Rain water harvesting, regeneration of lakes, small interventions and systematic irrigation... These were some of the solutions showcased that have worked for some villages. what is common to all these  solutions is a local approach with community partnership towards creating sustainable green solutions. What is conspicuously absent is the language of 'control and structures'. The displaced villagers in Shahpur received a system of water containers that were to be filled by tankers periodically. But that does not happen and communities remain parched. Indian reality cannot be sustained on the philosophy of control and structures. a thousand examples can be enumerated where a local, community based system was dismantled and replaced with 'modern' control systems administered by the government and not the community, which did not sustain and led to eventual demise of the local ecosystem.

One such system that was talked about in the show was the system of lakes that were created and maintained in villages of India prior to British era.

Pre-british india: india had a system of rain harvesting where many of its towns and villages would maintain community based lakes. A city typically had thousands of life-filled lakes. 
Earlier Rajas would contribute to the expense of maintaining the lake. The British didn't contribute, 
and on top of it, they started to tax the water usage from these lakes. 

Eventually, the community was alienated from the lake and caused the demise of the whole system. The vocabulary of control that defined western way of looking at global problems, instituted apathy towards local resources, that was not there before. The 'control' shifted responsibility of the local resources from the local community to the 'government'. And being so big, government has never been known to be sensitive to its subjects. Now city water comes from hundreds of miles away, from rural areas. Cities waste their water, whereas rural areas do not have access to any water. 

Lets not just look at water bodies as a 'exchangeable resource'. It has to be given its due importance as a life giving force for a community, its ecology, its culture, its economy.
For start, I will implement rain water harvesting in my home.

Saturday, September 10, 2011

On how revolutions flatten the world

Reading 'life is elsewhere' by Kundera; a poet's story through a revolution ( and vice versa. Kundera's oeuvre is as if the story of his disillusionment with the czech revolution)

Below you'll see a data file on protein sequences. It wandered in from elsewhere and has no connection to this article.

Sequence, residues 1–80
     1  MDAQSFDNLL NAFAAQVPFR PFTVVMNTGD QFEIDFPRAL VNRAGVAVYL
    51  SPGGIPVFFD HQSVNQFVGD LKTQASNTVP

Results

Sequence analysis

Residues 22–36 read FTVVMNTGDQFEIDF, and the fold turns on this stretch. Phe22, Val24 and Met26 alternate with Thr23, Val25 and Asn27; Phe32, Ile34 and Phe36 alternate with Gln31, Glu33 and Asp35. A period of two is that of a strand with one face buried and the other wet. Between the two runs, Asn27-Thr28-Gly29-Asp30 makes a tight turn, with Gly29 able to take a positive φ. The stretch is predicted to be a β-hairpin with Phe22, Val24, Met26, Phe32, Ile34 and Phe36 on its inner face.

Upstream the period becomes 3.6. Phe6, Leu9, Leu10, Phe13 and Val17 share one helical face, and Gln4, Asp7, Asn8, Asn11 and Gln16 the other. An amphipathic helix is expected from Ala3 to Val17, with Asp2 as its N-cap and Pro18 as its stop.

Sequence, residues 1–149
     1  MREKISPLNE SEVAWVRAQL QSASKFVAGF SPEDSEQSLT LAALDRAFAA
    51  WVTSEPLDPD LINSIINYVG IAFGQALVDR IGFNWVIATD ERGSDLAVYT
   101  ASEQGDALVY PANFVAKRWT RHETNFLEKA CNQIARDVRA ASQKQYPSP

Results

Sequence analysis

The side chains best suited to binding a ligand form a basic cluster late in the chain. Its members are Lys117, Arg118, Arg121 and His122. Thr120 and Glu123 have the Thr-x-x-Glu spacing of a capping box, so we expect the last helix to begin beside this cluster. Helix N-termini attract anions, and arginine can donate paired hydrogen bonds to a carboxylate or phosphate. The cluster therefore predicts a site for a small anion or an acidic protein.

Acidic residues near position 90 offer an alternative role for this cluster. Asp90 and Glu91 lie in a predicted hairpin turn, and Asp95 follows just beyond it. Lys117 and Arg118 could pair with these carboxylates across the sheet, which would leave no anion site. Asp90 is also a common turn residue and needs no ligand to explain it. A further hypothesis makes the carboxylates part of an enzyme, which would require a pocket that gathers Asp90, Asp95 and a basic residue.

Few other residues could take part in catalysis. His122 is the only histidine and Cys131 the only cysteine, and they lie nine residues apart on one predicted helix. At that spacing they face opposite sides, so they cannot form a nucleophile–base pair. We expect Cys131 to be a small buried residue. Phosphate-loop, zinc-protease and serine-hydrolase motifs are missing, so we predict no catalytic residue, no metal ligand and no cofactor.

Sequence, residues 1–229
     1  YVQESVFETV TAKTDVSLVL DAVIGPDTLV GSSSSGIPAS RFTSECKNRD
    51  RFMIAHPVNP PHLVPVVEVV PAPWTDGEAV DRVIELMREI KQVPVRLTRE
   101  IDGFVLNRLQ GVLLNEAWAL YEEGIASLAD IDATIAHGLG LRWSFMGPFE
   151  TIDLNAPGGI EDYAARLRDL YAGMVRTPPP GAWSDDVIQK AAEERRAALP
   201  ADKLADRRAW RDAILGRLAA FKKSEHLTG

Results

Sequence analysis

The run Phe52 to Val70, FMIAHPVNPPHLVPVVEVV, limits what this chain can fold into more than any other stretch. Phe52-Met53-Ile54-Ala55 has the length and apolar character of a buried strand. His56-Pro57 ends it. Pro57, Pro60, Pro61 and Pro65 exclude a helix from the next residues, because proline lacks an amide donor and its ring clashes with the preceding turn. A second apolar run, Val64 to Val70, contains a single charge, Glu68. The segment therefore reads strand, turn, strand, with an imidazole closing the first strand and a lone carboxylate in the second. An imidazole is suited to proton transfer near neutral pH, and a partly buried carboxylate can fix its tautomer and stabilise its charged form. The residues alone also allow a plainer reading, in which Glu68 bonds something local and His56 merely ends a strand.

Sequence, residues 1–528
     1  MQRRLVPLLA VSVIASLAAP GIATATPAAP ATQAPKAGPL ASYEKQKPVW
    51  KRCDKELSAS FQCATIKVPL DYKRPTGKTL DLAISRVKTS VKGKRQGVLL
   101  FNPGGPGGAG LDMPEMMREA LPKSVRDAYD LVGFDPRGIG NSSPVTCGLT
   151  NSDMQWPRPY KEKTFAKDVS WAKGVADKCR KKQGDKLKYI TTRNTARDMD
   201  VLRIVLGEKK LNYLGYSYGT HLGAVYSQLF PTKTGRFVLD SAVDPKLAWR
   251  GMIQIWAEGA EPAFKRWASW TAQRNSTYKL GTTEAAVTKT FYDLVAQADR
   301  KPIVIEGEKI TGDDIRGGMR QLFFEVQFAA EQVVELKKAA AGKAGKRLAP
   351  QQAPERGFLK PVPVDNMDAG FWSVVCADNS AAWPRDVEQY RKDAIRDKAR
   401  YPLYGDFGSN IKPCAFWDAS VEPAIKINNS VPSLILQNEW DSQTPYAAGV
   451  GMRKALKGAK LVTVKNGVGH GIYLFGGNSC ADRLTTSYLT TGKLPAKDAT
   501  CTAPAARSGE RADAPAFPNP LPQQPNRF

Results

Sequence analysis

In the progression of the young Poet towards manhood, he rejects his earlier muse and strongly subscribes to the narrow view of socialism to his own art's detriment. In his rejection, he is abandoning his richness of divergent views and narrowing his thoughts through the constricting prism of socialism. 
This act of believing in something passionately, made me think of the nature of a revolution.

I wonder, wouldn't any revolution be essentially oppressive? A revolution is centered around an anti status-quo point of view regarding something. For a revolution to be effective, it has to have a strong large base of people believing in it. and unfortunately, the nature of believing is in the narrowness of the thought, in rejecting the many strands and holding on to singularity of a thought, to be bathed in the glorious promise of a singular thought, to hope in a 'final solution'. 

But that very essentiality creates the condition of intolerance towards divergent views, towards the minority. Its a game of gathering 'enough' ayes. a game of majority building. with globalisation, the scope of the majority is global. This in turn necessitates flattening of differences. 

Is this the world we really want? Large revolutions, large scale changes and narrow views with homogenous beliefs? or would you rather have this little planet to hold many different worlds, small scale beliefs and hence richer and divergent views.